After supporting combat operations for the Marine Corps in nearly every conflict throughout the past 40 years, the Marines’ electronic attack aircraft, the EA-6B Prowler, will fly its final flight mid-March.
A deactivation ceremony for the Corps’ final Prowler squadron, Marine Tactical Electronic Warfare Squadron 2, or VMAQ-2 is set to be held Friday.
Some retired Prowlers are making their way to the Aerospace Maintenance and Regeneration Group at Davis-Monthan Air Force Base in Tucson, Arizona, commonly referred to as “the boneyard.”
But a few of the EA-6Bs will rest at the an air museum in Texas and the Smithsonian near our nation’s capital.
The deactivation marks an end of an era and a storied history that has seen the Prowler jamming enemy communications and systems in conflicts to include operations El Dorado Canyon, Desert Shield, Desert Storm, Deny Flight, Decisive Endeavor, Deliberate Guard, Allied Force, Northern and Southern Watch, Iraqi Freedom, Enduring Freedom, Unified Protector, and most recently Inherent Resolve and Freedom’s Sentinel, a command release detailed.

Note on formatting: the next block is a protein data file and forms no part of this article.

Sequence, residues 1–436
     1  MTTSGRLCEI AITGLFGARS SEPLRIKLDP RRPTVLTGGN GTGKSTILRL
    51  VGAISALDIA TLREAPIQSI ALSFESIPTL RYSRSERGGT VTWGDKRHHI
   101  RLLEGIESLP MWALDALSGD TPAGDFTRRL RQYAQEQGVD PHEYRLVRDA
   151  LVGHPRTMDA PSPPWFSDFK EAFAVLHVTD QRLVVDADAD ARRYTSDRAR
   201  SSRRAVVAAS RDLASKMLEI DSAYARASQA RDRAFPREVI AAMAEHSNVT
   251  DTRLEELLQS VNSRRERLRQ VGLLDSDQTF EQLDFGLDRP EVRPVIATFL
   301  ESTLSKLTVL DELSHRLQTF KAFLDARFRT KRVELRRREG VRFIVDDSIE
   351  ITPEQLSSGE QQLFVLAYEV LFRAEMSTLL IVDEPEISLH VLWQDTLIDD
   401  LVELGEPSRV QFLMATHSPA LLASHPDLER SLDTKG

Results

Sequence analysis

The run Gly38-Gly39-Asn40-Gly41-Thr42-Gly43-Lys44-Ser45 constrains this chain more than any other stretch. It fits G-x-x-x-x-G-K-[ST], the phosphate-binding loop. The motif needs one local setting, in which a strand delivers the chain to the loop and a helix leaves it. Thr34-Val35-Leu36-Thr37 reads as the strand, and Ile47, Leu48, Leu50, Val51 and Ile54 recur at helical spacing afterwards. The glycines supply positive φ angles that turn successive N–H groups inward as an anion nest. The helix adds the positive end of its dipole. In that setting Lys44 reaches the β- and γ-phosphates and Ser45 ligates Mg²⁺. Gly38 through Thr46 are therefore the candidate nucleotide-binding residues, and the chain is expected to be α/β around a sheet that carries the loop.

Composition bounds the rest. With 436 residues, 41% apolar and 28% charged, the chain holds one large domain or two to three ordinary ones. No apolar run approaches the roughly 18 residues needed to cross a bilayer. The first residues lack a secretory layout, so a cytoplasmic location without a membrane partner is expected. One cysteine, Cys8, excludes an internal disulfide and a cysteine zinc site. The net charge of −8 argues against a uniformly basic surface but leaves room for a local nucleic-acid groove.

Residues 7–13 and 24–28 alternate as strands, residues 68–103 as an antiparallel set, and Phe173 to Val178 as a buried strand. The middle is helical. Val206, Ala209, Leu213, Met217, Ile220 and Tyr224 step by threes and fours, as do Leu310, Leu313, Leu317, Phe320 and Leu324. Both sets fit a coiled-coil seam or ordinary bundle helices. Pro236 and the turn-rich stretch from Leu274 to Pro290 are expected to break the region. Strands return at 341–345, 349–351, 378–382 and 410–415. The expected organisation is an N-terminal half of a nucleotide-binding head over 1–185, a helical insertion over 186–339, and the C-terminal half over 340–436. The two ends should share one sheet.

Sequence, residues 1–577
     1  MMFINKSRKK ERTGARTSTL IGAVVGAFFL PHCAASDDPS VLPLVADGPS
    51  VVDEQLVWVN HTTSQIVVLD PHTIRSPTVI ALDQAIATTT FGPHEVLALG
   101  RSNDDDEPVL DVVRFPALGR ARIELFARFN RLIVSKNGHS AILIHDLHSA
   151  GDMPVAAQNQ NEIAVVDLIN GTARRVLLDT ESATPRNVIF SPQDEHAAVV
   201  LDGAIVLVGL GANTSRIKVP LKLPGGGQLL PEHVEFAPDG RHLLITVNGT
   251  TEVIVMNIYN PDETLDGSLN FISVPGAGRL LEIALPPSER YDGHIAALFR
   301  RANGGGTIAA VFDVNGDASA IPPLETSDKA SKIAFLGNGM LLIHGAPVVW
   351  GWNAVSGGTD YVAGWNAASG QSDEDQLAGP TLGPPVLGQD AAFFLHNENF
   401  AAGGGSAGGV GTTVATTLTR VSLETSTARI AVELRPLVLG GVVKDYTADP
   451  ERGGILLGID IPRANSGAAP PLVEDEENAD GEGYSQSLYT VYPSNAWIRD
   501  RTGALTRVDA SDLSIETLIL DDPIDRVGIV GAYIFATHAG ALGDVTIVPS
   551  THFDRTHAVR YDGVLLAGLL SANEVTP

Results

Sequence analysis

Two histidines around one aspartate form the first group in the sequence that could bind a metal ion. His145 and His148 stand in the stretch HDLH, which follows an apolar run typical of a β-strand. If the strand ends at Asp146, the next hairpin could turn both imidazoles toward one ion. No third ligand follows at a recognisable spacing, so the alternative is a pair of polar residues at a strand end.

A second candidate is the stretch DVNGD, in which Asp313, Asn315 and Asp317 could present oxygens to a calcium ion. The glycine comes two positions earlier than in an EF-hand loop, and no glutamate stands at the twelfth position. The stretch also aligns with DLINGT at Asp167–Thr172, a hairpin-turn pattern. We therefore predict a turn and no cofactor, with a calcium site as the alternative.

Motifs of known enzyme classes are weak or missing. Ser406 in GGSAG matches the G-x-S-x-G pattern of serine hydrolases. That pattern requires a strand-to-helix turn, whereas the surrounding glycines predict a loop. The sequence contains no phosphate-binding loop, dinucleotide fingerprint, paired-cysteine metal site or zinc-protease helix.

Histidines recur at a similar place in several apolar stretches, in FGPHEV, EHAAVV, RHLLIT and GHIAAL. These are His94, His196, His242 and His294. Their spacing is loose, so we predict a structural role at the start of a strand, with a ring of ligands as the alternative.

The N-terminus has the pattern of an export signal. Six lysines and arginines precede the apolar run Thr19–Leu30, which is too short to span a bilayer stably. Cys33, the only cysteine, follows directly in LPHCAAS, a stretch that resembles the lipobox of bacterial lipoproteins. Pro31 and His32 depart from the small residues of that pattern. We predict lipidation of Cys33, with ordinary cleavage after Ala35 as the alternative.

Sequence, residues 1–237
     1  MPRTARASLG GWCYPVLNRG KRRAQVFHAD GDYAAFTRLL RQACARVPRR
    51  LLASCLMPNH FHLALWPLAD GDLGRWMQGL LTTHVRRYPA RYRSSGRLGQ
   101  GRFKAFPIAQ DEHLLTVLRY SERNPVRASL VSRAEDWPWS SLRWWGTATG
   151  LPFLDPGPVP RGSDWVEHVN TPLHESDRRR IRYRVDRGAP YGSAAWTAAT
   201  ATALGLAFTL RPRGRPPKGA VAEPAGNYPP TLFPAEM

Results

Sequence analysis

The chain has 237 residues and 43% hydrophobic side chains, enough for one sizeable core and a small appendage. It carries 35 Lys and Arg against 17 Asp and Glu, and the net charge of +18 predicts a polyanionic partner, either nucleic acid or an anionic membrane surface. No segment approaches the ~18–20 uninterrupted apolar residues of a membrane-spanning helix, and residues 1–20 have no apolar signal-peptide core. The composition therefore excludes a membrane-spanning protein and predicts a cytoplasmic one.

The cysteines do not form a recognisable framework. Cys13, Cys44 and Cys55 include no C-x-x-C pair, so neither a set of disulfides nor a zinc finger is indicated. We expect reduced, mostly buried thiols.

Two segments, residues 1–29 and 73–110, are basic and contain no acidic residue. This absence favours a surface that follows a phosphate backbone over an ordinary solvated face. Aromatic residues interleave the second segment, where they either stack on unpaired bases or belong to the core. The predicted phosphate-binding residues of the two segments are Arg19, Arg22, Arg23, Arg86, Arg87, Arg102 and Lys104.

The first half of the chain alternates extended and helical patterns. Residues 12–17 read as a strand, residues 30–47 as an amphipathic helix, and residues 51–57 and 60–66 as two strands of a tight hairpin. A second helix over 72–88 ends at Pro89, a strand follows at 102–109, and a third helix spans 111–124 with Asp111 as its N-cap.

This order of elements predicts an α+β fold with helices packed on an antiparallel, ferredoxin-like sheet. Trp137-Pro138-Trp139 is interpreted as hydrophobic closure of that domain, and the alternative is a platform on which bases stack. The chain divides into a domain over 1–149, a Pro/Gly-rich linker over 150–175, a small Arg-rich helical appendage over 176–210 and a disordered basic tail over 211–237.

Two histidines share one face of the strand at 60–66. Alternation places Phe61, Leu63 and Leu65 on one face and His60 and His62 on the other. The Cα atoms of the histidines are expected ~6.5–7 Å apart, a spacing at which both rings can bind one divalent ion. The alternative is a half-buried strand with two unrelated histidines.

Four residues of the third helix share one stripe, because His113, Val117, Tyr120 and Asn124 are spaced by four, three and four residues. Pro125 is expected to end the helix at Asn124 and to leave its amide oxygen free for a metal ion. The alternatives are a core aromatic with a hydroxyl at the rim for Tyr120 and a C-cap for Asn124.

It’s predecessor, the EA-6A Electric Intruder, even saw action in the Vietnam War. READ MORE...
With over 13,000 members internationally, the Association of Old Crows is an organization for individuals who have common interests in Electronic Warfare (EW), Electromagnetic Spectrum Management Operations, Cyber Electromagnetic Activities (CEMA), Information Operations (IO), and other information related capabilities. The Association of Old Crows provides a means of connecting members and organizations nationally and internationally across government, defense, industry, and academia to promote the exchange of ideas and information, and provides a platform to recognize advances and contributions in these fields.